THE DAY THE EARTH STOOD STILL
March 20 was the third anniversary of the lockdown in New York City
Photography By Juliette Yu-ming Lizeray
At the end of 2019 and beginning of 2020, news began to spread of a strange, new, SARS-like virus that had apparently leapt from animals to humans, via a “wet market” in Wuhan, China. At first this seemed like an isolated crisis. We know how quickly that changed.
By late February 2020, there were the first reports of deaths from what was now being called the Coronavirus, in Washington State (it has since been determined that the first deaths were weeks earlier, in San Francisco and maybe Kansas) — and still it felt, you know, isolated and minimal. By early March though it was inescapable that a terrible, lethal, at-that-stage-untreatable virus was spreading unstoppably across the planet. Nations were closing their borders and quarantining people. Within days in the middle of March, in an unprecedented way, the world was shutting down. And “lockdown” became a very life changing and defining word.
New York City, whose streets have teemed with people since 1664, when it was New Amsterdam until the British took it from the Dutch and rechristened it, was suddenly, eerily empty. Times Square, one of the most trafficked metropolitan areas in the world, was deserted. There were almost no cars on the roads.
Juliette Yu-ming Lizeray is a transplanted Singaporean who has written beautifully for WONDERLUST. When Manhattan went under lockdown, she ventured into the streets and took these photographs, and these are her observations of those strange days.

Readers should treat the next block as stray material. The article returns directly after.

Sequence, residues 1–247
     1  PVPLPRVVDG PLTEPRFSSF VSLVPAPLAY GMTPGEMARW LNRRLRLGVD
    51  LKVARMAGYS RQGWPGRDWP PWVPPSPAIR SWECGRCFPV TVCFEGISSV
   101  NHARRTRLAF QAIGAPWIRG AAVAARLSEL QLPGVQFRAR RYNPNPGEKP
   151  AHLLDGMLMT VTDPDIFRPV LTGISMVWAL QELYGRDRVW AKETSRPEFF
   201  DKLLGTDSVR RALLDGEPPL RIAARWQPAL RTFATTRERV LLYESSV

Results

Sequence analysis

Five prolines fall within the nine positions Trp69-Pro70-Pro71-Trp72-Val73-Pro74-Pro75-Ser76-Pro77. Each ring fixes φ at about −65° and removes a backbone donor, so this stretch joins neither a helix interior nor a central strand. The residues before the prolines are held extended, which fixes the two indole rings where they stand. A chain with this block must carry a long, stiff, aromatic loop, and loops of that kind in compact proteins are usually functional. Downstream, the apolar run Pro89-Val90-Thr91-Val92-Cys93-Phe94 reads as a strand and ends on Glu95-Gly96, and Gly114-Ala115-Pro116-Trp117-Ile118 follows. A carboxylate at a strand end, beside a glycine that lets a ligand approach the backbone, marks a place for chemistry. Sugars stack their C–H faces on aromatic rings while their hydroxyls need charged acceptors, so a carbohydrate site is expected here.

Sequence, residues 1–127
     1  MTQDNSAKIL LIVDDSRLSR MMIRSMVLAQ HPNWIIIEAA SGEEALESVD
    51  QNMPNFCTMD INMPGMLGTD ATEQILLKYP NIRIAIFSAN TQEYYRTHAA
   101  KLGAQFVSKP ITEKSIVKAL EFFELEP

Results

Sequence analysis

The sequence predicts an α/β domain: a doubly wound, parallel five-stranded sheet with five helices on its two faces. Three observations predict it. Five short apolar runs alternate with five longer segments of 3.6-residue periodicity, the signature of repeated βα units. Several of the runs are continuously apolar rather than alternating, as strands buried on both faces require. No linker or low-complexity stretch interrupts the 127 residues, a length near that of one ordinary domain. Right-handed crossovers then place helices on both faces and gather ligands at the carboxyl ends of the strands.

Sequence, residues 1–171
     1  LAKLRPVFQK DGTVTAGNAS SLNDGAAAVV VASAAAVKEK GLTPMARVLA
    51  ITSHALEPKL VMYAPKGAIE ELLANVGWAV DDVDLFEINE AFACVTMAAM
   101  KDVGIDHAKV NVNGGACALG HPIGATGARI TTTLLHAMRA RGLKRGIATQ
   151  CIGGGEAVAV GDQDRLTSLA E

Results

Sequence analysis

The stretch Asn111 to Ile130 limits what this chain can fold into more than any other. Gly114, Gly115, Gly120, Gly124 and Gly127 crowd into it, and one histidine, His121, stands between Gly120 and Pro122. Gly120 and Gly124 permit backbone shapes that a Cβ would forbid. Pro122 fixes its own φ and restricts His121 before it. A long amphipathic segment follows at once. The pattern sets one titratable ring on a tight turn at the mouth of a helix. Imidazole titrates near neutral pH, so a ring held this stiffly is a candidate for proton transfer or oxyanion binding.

When I moved to New York in 2017, I hated it. I didn’t understand its grid. Its scale was inhuman. I hated everyone’s rushed pace. Paris makes sense. Singapore makes sense.
New York was hyperbolic, a place of extremes, sensorial overload. Stepping onto the streets of NYC felt like dipping a toe into whitewater rapids and then being sucked in, battling the currents and paddling, pushing yourself in the direction you want to go, gasping for breath and hoping you won’t drown.
I was always grasping for a rock, a safety, some place still.
The city is brick and mortar and steel, but I’ve learned it’s made of flows. Ephemeral, fast-paced and never-ending flows. Capital, people, things and means to ferry all around. Everything is syncopated, rhythmic, frenzied. Chop chop. Bang bang. Ka-ching. Opportunity bristles – you can make it, be trodden on, eaten up, spewed out. It’s showtime, ladies and gentlemen.
Over dinners and drinks and parties and loves and jobs and friendships, I grew to love this city, and this city has given me love in return. The Greeks have eight words for love; the love I have for New York and the love New York has for me is surely a ninth. (I live in a Greek neighborhood; I should ask.)
I’ve come to love the rapids. I’m no longer grasping for my rock. I’ve found safety in myself, in knowing I can brave the currents of the city. I see myself in others now. Passionate, individual, original. People glowing with the knowledge that they burn brighter than the world around them. People are what make a place. Winston Churchill once said we shape our buildings and they shape us, thereafter. The opposite is true in New York. New York is a place of sheer and unending human will, to be rebuilt and torn down and rebuilt again, a testament to everything that came before and will come after. This place is humanity.
The city is barren today. A gutted carcass, its blood drained out. Things move imperceptibly, as time continues its endless march. Shadows grow longer. Flowers bloom because that’s what they do at this time of year.
It’s Tuesday in Manhattan.
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